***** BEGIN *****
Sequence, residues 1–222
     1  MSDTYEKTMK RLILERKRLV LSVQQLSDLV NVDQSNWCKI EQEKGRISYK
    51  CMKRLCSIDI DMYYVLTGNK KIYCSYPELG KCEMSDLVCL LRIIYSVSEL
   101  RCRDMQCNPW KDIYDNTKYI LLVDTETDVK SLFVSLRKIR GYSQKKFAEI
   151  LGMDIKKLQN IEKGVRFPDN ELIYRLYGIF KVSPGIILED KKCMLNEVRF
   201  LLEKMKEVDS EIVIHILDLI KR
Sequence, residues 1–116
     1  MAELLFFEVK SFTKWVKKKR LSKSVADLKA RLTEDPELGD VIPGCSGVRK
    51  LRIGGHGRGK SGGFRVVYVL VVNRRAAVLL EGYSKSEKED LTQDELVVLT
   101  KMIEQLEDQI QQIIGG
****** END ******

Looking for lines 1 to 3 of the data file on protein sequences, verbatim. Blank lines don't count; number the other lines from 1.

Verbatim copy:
Sequence, residues 1–222
     1  MSDTYEKTMK RLILERKRLV LSVQQLSDLV NVDQSNWCKI EQEKGRISYK
    51  CMKRLCSIDI DMYYVLTGNK KIYCSYPELG KCEMSDLVCL LRIIYSVSEL